Nebraska archeologists hope to find nothing in flooded farms

Nebraska archeologists hope to find nothing in flooded farms
In a Friday, June 14, 2019 photo, a team of archaeologists surveys a flooded farm in Waterloo, Neb. The team was surveying flooded farms to determine whether they have any historic significance before clearing them to receive federal funding.(Chris Peters/The World-Herald via AP)

OMAHA, Neb. (AP) — Archeologists surveying recently flooded Nebraska farms are hoping — for once — to not find anything historically significant as such a discovery could delay federal aid to the beleaguered farmers.

After the massive spring floods receded, state agency History Nebraska stepped in to help sift through the sand and debris left on fields to look for pottery and other evidence of former Native American hunting grounds or pioneer settlements, the Omaha World-Herald reported.

“We want to find something, but we don’t,” said Kaity Ulewicz, one of the archaeologists. “If we find something, it’s a lot harder for the farmers to get their money.”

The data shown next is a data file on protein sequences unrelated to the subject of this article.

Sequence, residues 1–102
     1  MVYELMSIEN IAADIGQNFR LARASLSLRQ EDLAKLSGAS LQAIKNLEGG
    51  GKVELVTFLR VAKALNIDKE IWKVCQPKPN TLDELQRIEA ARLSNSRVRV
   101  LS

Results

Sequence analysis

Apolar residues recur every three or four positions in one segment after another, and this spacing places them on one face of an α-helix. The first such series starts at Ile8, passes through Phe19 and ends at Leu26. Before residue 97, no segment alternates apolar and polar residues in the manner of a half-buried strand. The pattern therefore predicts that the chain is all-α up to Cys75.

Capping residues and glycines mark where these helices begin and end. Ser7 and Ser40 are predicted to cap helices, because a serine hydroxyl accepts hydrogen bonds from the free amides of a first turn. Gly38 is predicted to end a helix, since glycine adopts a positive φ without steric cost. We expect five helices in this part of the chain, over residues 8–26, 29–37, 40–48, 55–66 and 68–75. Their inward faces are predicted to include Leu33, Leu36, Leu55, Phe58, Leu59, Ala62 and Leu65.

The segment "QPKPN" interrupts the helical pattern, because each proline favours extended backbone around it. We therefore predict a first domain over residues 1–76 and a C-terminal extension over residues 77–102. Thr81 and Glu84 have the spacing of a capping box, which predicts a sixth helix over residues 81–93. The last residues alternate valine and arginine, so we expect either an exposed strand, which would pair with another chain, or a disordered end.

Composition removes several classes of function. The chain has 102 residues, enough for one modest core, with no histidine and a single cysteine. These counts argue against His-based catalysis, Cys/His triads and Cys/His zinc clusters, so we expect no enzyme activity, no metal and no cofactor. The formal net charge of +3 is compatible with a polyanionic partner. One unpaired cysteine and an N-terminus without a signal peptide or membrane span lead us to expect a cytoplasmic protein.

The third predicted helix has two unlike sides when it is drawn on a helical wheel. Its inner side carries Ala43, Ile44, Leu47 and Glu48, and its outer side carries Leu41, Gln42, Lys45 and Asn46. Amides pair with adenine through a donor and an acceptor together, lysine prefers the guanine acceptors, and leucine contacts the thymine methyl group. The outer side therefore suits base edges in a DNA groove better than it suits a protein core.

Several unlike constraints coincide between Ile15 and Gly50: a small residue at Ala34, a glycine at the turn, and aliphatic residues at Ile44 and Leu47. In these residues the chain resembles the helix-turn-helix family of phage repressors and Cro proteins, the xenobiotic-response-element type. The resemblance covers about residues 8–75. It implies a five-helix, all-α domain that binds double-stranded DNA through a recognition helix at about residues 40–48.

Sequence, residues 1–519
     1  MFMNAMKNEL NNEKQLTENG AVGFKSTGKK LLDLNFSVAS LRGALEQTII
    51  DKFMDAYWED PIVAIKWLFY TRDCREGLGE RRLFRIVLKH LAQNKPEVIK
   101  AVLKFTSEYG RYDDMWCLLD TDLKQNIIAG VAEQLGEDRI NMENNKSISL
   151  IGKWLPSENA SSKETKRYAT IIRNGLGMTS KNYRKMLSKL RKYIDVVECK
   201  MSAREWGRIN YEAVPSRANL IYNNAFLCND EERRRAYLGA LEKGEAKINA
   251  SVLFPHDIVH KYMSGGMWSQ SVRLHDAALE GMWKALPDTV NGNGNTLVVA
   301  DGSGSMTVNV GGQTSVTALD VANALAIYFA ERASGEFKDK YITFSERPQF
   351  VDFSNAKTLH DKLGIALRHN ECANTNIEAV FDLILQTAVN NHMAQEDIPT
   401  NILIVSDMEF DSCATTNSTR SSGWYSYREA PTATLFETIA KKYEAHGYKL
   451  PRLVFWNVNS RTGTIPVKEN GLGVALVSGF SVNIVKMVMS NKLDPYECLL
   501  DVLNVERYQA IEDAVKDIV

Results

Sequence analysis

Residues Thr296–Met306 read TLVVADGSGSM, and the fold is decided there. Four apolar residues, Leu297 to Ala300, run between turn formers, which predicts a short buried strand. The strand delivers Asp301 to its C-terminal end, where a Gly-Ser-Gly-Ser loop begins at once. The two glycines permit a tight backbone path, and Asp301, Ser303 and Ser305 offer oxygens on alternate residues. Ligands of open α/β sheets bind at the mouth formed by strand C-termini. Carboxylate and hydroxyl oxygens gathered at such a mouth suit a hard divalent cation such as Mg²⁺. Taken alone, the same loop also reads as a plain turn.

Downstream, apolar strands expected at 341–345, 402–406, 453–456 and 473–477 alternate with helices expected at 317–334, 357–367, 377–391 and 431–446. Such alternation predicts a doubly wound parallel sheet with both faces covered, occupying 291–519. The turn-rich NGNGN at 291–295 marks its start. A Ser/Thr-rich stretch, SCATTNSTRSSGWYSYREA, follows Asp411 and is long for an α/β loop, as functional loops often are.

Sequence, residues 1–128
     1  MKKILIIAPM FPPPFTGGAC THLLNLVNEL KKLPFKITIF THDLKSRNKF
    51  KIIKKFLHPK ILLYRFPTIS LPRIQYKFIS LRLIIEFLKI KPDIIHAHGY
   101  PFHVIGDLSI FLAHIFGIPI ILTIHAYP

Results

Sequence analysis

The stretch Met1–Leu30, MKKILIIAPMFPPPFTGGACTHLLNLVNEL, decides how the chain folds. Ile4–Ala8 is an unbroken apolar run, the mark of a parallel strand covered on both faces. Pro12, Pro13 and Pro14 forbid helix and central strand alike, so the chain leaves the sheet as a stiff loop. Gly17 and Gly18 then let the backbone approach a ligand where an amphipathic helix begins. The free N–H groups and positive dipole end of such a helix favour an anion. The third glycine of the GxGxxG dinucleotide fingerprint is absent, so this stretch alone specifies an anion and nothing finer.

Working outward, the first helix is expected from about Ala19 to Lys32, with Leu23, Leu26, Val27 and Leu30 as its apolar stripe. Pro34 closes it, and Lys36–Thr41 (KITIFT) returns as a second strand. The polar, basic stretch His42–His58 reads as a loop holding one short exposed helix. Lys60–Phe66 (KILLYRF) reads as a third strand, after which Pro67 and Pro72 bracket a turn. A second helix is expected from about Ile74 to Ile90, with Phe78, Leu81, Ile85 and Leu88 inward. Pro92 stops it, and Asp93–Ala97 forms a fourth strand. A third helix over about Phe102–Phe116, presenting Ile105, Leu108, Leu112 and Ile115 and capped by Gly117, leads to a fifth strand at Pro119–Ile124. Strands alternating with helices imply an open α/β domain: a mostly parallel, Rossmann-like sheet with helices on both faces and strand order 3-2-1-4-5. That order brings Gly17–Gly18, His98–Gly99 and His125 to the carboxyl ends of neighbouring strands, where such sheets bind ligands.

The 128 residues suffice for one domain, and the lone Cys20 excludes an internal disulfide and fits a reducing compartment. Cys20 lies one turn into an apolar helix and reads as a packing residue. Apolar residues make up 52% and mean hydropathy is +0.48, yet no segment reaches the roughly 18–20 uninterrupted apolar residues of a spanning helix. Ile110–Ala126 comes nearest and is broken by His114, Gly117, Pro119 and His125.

To receive a flood recovery grant from the federal Farm Service Agency, the farm must get clearance that its land is not of historical significance.

Jill Dolberg, deputy state historic preservation officer, said History Nebraska assembled a six-person team to help with the searches and speed the work that in less wet years was conducted by a solo state archaeologist.

“We just thought maybe this was some way we could fill in and help a bit,” Dolberg said.

Of the more than 300 grant applications the state reviewed, only 10% require a site visit and none met the requirements for a historical site. Nothing of significance has been uncovered since the surveys began June 12, Dolberg said.

Ulewicz said the team has found plenty of animal bones, including a deer rib and a gopher jaw near the Elkhorn River bridge on U.S. Highway. One team member has a knack for finding bullets. But nothing of historical value.

“Chances are, most of it is trash or debris from the river,” Ulewicz said.

For the sake of the farmers, Dolberg is keeping her fingers crossed that most of what they find this summer is gopher jaws and golf balls.

“We want to be able to get them back to work as fast as possible,” she said.

The team is expected to remain active until at least Sept. 1

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